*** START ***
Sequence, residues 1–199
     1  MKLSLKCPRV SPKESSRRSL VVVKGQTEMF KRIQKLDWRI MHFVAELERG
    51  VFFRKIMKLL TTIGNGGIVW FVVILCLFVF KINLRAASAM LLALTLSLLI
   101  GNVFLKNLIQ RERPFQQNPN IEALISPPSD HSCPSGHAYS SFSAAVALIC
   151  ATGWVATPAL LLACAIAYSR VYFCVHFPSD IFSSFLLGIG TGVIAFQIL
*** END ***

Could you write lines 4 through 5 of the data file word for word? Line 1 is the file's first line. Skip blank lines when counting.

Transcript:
   101  GNVFLKNLIQ RERPFQQNPN IEALISPPSD HSCPSGHAYS SFSAAVALIC
   151  ATGWVATPAL LLACAIAYSR VYFCVHFPSD IFSSFLLGIG TGVIAFQIL